Let us bear well in mind that, although God can work miracles without number, He, nevertheless, works them only exceptionally, when they contribute in a special manner to His glory. But if God would always immediately grant our prayers as we desire, He would have to work a miracle almost every time we pray, as we shall presently see. Let us also remember that when the Saviour promised to grant us all we would pray for, He restricted His promise to all we would ask in His name, that is, to all that may be conducive to our salvation, for, since He is our Saviour, what we ask in His name must have some connection with or reference to Him as our Saviour, and must be therefore conducive to our salvation. But what do we need for our salvation? Chiefly the graces to overcome our temptations and passions, to obtain the forgiveness of our sins, to keep the commandments and practise the Christian virtues. Temptations which we do not overcome lead us into sin and are dangerous to our salvation. If we overcome them, they are occasions of gaining merit and acquiring and practising the Christian virtues and keeping the commandments. When we are tempted, we need only to pray at once and earnestly to God for His help to overcome the temptation, and so long as we thus pray during a temptation, we shall surely overcome it, and thus keep from sin. If the temptation re turns, we have only to pray again as before and strive to turn our attention to other matters, and God’s grace will enable us to overcome it altogether. He who has thus prayed when beset by temptations, however violent and protracted they may be, may rest assured that he has not yielded to them, but has overcome them, for in such dangers of salvation, when immediate help is needed, God never defers hearing our prayers.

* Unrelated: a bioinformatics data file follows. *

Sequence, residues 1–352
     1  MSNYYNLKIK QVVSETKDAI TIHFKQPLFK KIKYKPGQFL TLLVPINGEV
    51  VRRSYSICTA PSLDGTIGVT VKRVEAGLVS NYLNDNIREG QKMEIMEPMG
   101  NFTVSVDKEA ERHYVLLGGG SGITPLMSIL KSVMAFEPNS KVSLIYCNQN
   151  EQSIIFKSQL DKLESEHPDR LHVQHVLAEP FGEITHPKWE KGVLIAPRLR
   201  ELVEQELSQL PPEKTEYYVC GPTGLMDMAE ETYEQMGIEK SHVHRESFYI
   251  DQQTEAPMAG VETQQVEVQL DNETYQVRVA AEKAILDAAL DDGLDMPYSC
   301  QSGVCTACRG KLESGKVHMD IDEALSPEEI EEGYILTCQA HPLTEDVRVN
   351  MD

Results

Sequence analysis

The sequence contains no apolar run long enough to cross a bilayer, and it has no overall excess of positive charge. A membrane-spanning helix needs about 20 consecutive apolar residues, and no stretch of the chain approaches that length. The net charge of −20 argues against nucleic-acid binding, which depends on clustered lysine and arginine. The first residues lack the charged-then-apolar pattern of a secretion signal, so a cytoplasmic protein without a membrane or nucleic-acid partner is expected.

As to the Christian virtues which we are obliged to practise, such as humility and patience, we can depend on our prayers being heard by God for the help, the graces necessary to practise them. But we cannot expect God to grant them in their full perfection at once, for in the ordinary course of things, this would be a miracle. And why? Because the virtues are habits regulating our conduct. Naturally no habit can be acquired without oft-repeated acts during a longer or shorter period of time, which is usually many years; and a habit, even when already acquired, is still perfectible, that is, it can become always more and more perfect. Let us, for instance, take the virtue of patience. By self-examination we have found out that we easily and frequently feel irritable and give way to impatience, and thus commit sin, failing against charity, etc. Wherefore, knowing our weakness, we have recourse to God and beseech Him to give us the necessary virtue of patience. Now, if God were at once so to impart to us the virtue of patience, that we would no longer yield to irritability, to impatience, it would be as great a miracle, as if God were at once to make a young music pupil become a perfect musician, or make a seven year old child in school a perfect mathematician, or a perfect mechanic, or a first-class chemist! All trades and sciences and arts, like all habits, are naturally acquired by repeated acts performed for years, and so are all the virtues. It takes years to learn a trade, a science, an art perfectly, and even after years there is also plenty of room to become more and more perfect therein. We must say the same of the virtues. The saints made every exertion and prayed very much for the virtue of patience, and it took saints, like Saint Francis de Sales, Saint Alphonsus and others, 20, 30, 40 or more years to acquire this virtue; and yet most of us, without any great efforts on our part, pretend that God should bestow on us the virtue of patience in its highest perfection after we have more or less earnestly prayed a few days or a few weeks for it! If God were to gratify us, it would, indeed, be a miracle! To all these persons we say: ” As you pray God every day to give you your daily bread/ and you nevertheless labor to earn it yourselves, so you should also pray daily to God to give you patience and, at the same time, exert yourselves in all earnestness to watch over yourselves to overcome yourselves to practise patience, and God will surely help you gradually to make daily some progress in practising patience and acquiring that necessary virtue. Whilst praying for what is necessary for your salvation, be sure to do your share and in due course of time success will crown your efforts and your prayers.”

As to prayers for the conversion of a sinner, of a non-Catholic, the usual course of divine Providence will be explained further on.